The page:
Anybody recognize them? They are simple, and are scattered unhelpfully along their branches, but they raise a lovely lilac-purple face to the sun, fading to a delicate pink after a day or so. Even though they don’t particularly lend themselves to it, I used them as a graceful backdrop in this unassuming bouquet I hastily assembled.
The bunched pink flowers are yarrow…and you can see my purple beauties rising from the middle. Still don’t recognize them? That’s because they are radish flowers! Yes, I am learning that the radish is a most useful plant. The flowers give way to dozens of small pods that recall the shape of okra. I peeled one open and tasted the round green immature seeds inside, and they were a grand surprise—fresh, a bit sweet, but with that telltale radish flavor.
Only a couple of days after I’d pulled all the plants and tossed them onto the compost pile did I remember to google “eat radish seeds.” I learned that the entire pods are edible, either raw in a salad or sauteed like any other vegetable. The ones I pulled are all soft and wilted now, but next year, I will harvest them, too! I think I like them even better than the radishes themselves, and they will provide the perfect excuse to let those purple flowers grace my garden again. (Oh, by the way, the yellow flowers in my bouquet are from the broccoli that’s bolted.)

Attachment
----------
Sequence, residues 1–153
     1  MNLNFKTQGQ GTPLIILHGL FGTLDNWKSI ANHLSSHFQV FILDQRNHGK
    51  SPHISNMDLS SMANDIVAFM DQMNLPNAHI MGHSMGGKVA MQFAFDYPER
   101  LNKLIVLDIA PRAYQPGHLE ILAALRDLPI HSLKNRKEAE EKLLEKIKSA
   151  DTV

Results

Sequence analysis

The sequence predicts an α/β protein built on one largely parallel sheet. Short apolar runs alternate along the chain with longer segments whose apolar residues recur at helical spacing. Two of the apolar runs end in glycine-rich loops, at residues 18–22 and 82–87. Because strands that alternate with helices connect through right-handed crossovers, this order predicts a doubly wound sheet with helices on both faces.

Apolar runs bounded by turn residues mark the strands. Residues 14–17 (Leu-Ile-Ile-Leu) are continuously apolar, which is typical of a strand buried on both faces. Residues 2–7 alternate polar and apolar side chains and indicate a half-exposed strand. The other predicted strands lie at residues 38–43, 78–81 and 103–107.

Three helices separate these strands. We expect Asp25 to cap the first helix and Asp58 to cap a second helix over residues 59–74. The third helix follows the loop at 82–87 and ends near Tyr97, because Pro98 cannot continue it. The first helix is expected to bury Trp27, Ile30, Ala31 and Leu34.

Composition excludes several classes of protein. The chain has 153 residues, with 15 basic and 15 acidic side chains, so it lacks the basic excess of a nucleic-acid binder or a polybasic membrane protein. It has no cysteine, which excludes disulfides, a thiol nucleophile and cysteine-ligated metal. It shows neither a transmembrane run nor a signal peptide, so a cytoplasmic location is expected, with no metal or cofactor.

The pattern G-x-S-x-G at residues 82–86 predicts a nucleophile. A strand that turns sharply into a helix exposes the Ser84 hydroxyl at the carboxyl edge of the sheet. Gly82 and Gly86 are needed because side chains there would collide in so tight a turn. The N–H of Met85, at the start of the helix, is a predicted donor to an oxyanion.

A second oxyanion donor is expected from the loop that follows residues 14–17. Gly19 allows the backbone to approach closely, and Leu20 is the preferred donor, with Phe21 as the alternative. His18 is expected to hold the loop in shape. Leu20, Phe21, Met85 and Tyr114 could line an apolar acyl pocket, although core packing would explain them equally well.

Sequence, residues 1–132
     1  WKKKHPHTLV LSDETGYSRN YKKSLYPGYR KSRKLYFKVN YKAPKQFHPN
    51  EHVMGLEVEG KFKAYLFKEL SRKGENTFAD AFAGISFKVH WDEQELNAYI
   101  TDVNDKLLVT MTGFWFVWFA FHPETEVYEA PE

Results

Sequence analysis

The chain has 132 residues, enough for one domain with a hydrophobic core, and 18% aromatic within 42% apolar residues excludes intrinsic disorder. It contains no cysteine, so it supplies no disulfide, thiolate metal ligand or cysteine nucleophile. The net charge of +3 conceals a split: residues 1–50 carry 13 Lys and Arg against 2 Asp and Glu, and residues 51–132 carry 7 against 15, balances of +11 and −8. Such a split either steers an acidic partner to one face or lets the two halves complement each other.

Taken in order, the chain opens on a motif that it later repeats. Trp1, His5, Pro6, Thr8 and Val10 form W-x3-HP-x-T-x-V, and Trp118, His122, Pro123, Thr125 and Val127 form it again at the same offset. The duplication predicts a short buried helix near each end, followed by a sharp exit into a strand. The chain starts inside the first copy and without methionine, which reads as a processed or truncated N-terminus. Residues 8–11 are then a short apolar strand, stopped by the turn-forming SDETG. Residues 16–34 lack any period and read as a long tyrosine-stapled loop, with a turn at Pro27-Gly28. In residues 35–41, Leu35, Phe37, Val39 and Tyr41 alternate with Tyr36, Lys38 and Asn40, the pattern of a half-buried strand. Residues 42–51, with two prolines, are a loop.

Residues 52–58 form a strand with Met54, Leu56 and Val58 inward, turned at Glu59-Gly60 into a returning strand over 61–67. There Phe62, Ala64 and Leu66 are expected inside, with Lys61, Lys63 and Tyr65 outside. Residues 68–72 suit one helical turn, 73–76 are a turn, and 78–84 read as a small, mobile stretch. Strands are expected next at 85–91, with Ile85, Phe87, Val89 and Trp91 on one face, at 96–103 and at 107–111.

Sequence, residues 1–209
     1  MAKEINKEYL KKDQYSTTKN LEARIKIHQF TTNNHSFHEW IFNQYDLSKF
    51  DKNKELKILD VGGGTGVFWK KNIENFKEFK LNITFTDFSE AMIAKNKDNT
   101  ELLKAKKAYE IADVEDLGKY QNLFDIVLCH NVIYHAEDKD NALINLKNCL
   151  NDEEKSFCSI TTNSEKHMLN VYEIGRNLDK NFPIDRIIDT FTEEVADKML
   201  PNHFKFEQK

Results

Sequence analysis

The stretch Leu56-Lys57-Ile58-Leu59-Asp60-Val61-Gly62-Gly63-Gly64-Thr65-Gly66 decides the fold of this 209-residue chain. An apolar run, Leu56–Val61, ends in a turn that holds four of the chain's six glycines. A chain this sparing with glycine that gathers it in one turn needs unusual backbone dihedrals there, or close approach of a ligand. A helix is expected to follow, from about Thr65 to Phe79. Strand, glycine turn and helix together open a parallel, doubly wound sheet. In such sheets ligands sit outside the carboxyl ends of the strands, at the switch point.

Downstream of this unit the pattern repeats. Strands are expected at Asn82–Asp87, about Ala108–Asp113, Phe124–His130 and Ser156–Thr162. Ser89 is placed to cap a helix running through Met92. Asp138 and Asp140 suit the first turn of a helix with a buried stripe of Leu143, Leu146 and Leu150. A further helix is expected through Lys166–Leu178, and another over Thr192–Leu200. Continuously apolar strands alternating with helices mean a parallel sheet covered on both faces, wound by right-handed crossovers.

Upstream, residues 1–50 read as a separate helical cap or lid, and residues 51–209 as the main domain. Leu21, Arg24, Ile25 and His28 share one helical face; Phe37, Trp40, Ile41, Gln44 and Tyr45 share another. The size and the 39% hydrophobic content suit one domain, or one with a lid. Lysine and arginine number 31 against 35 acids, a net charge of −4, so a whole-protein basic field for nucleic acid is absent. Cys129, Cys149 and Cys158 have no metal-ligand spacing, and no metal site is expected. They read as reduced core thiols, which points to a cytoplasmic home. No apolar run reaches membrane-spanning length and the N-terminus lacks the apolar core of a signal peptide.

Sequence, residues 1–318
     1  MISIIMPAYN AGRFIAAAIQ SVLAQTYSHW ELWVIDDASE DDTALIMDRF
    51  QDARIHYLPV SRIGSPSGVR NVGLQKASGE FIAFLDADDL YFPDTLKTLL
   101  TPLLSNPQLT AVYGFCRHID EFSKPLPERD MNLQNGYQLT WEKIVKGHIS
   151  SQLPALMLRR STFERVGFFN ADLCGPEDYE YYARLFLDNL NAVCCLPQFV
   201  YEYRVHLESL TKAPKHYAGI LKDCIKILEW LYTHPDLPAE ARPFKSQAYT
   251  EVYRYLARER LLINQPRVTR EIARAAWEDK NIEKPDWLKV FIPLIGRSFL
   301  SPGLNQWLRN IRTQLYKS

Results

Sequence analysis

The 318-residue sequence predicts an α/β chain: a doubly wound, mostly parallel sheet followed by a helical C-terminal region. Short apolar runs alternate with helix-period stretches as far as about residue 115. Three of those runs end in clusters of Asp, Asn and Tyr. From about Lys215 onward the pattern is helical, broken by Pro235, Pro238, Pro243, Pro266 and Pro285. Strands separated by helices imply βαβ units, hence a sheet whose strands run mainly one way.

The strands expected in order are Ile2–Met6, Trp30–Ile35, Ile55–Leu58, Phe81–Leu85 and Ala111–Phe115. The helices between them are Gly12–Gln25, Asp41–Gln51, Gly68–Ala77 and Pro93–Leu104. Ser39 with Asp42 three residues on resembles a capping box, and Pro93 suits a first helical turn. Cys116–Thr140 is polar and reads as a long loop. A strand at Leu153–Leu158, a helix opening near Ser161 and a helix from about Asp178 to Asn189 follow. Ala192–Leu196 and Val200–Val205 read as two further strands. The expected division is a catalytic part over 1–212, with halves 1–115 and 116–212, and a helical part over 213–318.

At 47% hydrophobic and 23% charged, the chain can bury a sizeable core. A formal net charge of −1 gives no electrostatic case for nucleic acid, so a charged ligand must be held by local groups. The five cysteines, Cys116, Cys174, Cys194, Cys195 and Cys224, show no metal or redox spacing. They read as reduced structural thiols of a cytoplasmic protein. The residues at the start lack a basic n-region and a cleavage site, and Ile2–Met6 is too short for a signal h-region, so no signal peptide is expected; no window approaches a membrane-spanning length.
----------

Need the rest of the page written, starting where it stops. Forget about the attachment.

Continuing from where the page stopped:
Now to the garden itself. If you’ve listened to the US news this week, you may be familiar with the visitor who came through. Her name was Andrea, and while she only brushed by us, she did drop many inches of rain over about three or four days. I was quite happy the peas were getting all the water they would need to plump up those pods, but by Friday I was getting a little concerned about “too much of a good thing.”
However, late Saturday morning the sun finally broke through and scattered the clouds into our familiar Carolina blue sky. So this evening I stood in my usual photography corner to document.
Here’s a week ago:
It may look the same to you, but I see that the peas are just a bit fuller and higher than last week, and the parsnips have gotten noticeably taller. (Also the radishes are gone, so now I can see the broccoli—which will be the next to be pulled.)
Last week the beans looked a little worn out from the sun, but today they are quite happy. Small as they are, I’m considering starting to harvest from them already!